When learning an open chord shape, it can be useful to learn and practice changing chords in groups that naturally and frequently occur together.  Just like with words, this trains you to not only know the chords, but be able to move from one to the next (like words in a sentence).  This is a guitar practice that works at any level or age.

Learning in this way trains your muscle memory to move fluidly between chords, and allows you to remember easier because of the context.

chords that sound good together

The most common types of chords are major chords, minor chords, and 7 chords.  There are other types of chords, but these are the most used.  When we see “Em” or “em”, it refers to an E minor chord.  Just the bare letter, such as “E”, refers to major chords.   Major chords and minor chords have a different sound and mood, as you’ll hear as you play them.

Chords are common to all types of guitar that tune to standard tuning.  Electric guitar, steel-string guitar, and classical guitar all have the same chords.  We may use these basic chords more or less depending on the style of music, but the chords sound the same on all guitars.  So as you’re learning chords, you’re also practicing a skill that can serve you in the future, should you decide to play a different guitar.

And once you have these basic chords mastered, you can dive into using a capo, the barre chord, and slash chords!

Learn Guitar Chords to Help Musical Memory

It’s also advisable to learn guitar chords to help with musical memory and understanding.

Here’s a story:

Superhero: The Memorizer

I was taking a classical guitar lesson with a guy in Atlanta once (I can’t remember his name).

He was a classical and flamenco guitarist, and the music store (Maple Street Guitars) had recommended him for a guitar lesson while I was in town visiting my sister.

I had some music I had been working on for months.

It was close to memorized, but not quite.

In the course of our lesson, without even seeming to try, he memorized the entire piece. Every note! I was amazed!

“How’d you do that?!” I asked.

I felt it was some virtuosic trick or special power he got after being bitten by a radioactive spider.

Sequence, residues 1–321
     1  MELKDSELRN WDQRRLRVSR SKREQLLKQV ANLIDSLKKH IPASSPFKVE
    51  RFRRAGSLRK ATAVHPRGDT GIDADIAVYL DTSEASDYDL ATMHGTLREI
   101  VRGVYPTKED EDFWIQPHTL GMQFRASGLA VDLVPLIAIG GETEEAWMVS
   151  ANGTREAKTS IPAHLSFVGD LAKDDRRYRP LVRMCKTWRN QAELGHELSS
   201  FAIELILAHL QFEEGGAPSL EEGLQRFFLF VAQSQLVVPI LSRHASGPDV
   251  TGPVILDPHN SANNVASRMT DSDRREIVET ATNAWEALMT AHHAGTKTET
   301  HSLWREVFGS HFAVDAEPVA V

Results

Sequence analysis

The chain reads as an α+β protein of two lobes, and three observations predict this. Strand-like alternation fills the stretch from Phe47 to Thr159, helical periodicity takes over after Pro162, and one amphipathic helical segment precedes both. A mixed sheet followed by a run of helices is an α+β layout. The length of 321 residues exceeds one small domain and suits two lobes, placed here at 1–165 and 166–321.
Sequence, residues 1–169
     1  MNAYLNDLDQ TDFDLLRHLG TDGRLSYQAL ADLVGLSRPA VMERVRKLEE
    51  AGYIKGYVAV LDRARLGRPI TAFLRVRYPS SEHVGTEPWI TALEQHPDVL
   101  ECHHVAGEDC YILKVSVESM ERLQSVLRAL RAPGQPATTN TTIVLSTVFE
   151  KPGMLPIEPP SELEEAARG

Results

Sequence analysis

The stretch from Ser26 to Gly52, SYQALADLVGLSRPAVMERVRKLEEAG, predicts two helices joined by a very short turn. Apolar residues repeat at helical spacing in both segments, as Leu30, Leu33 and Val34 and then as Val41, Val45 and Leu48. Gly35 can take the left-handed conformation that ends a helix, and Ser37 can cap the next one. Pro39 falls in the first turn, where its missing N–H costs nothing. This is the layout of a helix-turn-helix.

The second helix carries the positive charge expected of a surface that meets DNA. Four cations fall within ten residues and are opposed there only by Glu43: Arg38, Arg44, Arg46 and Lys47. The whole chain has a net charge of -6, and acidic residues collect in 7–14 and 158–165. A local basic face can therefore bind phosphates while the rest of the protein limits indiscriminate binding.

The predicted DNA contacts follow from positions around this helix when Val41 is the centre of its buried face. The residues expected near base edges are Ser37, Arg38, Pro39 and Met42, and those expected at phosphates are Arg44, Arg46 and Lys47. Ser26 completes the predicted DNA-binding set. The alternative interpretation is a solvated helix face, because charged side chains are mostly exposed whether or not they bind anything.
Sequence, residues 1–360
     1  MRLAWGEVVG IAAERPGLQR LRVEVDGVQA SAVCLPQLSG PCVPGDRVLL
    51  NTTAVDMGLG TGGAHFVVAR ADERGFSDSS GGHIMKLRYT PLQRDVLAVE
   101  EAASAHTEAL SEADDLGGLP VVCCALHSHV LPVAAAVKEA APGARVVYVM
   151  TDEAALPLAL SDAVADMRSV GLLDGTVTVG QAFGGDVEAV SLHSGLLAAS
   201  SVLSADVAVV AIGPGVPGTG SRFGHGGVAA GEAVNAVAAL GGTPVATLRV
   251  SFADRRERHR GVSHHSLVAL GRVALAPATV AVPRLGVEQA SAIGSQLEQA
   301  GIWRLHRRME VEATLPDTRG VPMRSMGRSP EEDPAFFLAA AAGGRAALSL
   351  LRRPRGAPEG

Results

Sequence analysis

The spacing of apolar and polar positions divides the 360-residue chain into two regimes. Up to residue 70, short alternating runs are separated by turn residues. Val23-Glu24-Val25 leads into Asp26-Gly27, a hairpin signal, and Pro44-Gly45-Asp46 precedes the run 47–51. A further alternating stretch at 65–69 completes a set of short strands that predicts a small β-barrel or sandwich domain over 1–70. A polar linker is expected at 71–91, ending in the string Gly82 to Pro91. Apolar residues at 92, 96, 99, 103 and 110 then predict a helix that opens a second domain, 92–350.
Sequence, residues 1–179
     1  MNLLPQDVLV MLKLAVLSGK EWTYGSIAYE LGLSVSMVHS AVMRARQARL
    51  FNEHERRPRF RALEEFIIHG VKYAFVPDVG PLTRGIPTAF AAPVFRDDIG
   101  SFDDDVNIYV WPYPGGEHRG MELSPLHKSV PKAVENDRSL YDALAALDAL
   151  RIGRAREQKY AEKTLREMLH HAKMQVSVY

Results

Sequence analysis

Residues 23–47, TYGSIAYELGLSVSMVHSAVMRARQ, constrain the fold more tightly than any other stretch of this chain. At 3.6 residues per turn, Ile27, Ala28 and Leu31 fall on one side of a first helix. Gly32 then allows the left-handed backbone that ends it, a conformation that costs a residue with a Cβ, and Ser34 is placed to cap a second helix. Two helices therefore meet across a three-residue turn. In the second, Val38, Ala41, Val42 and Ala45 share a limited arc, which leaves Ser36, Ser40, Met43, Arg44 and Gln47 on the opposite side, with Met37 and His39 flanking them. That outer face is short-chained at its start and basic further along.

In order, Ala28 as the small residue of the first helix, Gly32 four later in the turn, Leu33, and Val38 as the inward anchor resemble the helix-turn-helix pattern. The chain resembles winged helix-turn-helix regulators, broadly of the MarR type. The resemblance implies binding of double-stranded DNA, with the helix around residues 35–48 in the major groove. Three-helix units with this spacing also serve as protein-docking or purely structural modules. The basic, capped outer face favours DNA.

“It’s a fairly simple chord progression. I just used the harmony and filled in the blanks.” He answered.

At this point, I had been playing guitar for several years (I was a couple of years into classical guitar after playing folk for several years).

I knew my basic primary and barre chords, and had my chord changes smooth.

But I hadn’t made the connection in my mind between knowing my chords and memorizing my classical guitar pieces.

It was a case of not seeing the forest for the trees.

From that point, I decided to start trying to notice when parts of the basic chords shapes I already knew showed up in my pieces.

The chords weren’t always complete chord shapes (sometimes just the root note on the low E string for example), but if I could notice the chord “fragments”, I could create a basic structure (like a plot in a story) that would help me remember where I was in the piece.

What I found was that by doing this from the start of the piece, I learned much more quickly, and memorized my pieces much more easily.


Allen Mathews

Hi, I’m Allen Mathews. 

I started as a folk guitarist, then fell in love with classical guitar in my 20’s. Despite a lot of practice and schooling, I still couldn’t get my music to flow well. I struggled with excess tension. My music sounded forced. And my hands and body were often sore. I got frustrated, and couldn’t see the way forward. Then, over the next decade, I studied with two other stellar teachers – one focused on the technical movements, and one on the musical (he was a concert pianist). In time, I came to discover a new set of formulas and movements. These brought new life and vitality to my practice. Now I help guitarists find more comfort and flow in their music, so they play more beautifully.
Click here for a sample formula.